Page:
Nearly one in 10 London GP practices 'could close in three years'

Generic image of doctor's consulting room
Image caption Kensington and Chelsea and Barnet are the worst affected boroughs, says the Londonwide Local Medical Committees

Nearly one in 10 GP practices in London could close within three years, a survey suggests.

The Londonwide Local Medical Committees (LLMC) claims 918,874 patients could be affected by the potential loss of 8.5% of London's surgeries.

It heard from 644 out of the 1,500 practices in the capital and found 128 were either planning on closing or were uncertain about their immediate future.

NHS England said every patient should have access to a general practice.

Out of 1,500 practices in London, the LLMC represents 1,330. GP surgeries are businesses with contracts to supply services to the NHS.

The survey, carried out on 23 November and 8 December last year, found 19 surgeries were planning to terminate their contract in the next three years and 109 did not know if their contract would last longer than three years.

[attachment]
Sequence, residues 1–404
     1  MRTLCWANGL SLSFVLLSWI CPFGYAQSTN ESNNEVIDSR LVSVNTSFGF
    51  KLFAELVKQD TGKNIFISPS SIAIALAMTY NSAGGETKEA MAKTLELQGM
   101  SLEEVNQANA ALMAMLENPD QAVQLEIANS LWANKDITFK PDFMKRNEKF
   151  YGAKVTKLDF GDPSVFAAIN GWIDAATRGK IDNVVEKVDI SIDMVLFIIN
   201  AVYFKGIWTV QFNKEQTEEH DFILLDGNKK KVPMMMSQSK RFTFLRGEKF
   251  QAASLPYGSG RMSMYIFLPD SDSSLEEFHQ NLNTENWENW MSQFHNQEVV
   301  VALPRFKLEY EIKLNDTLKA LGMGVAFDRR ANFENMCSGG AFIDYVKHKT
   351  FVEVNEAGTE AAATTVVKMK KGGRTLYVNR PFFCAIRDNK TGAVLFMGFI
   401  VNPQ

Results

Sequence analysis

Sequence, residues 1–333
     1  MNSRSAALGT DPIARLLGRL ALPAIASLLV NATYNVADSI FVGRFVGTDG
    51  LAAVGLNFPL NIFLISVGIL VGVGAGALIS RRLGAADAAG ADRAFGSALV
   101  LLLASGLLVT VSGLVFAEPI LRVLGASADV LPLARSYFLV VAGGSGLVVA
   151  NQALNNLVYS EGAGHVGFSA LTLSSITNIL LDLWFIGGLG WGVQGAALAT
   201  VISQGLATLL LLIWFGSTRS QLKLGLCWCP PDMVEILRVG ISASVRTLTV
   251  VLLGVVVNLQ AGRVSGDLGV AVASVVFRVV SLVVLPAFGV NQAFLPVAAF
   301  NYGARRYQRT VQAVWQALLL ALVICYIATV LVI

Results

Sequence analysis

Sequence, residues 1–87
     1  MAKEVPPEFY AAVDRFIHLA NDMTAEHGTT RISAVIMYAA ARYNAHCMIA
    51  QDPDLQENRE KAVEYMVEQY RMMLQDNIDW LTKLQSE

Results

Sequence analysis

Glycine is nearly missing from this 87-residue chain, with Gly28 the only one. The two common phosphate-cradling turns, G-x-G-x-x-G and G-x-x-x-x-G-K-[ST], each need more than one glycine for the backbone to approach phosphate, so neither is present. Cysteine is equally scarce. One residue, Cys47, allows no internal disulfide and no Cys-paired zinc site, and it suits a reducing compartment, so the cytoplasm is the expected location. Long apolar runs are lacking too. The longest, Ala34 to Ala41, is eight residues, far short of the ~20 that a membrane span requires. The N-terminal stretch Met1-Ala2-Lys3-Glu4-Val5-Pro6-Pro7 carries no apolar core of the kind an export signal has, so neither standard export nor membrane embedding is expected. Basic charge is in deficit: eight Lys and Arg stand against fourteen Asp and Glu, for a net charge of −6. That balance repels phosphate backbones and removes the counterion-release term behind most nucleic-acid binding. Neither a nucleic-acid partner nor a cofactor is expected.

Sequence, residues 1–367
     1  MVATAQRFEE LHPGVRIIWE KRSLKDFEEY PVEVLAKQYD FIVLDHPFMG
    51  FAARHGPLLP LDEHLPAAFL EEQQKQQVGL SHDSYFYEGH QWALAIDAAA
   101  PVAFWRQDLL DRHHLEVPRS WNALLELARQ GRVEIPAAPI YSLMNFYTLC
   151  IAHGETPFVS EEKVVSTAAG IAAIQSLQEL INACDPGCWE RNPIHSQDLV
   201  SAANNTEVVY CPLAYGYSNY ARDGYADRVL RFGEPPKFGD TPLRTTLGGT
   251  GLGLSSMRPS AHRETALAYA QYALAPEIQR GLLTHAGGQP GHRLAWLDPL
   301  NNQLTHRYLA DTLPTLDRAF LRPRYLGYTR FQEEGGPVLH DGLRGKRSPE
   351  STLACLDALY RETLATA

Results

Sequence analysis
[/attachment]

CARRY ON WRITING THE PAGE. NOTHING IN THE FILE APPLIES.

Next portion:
Kensington and Chelsea and Barnet were the worst affected boroughs and could stand to lose five and four practices respectively, the survey commissioned from ComRes by the LLMC found.

Dr Michelle Drage, chief executive at the LLMC, said: "Hero GPs are working flat out to cover the gaps, but they are at breaking point and need real support to keep caring for our growing city and the growing complexity of its health needs."

Half of the surgeries asked said they currently had a staff vacancy and 31% had at least one GP vacancy.

On average, employed GP posts (a doctor on a salary from the practice) and partner posts (a joint owner of the surgery business) were found to be vacant for more than eight months after a doctor leaves.

A GP practice without any partners would have to terminate its contract as there would be no-one left to run the business.

Existing staff shortages were set to be exacerbated by planned retirements at many of the surgeries surveyed, the LLMC said.

It claimed barriers to recruiting included financial uncertainty about GPs' future, low morale, pay and a lack of suitable GPs.

A spokesperson for NHS England said it had begun an "ambitious" strategy to "transform primary care over the next three years" and had seen an increase in funding for such services, despite financial pressures.

She added: "London has also been allocated £1.5m of national funds to support the development of vulnerable GP practices."

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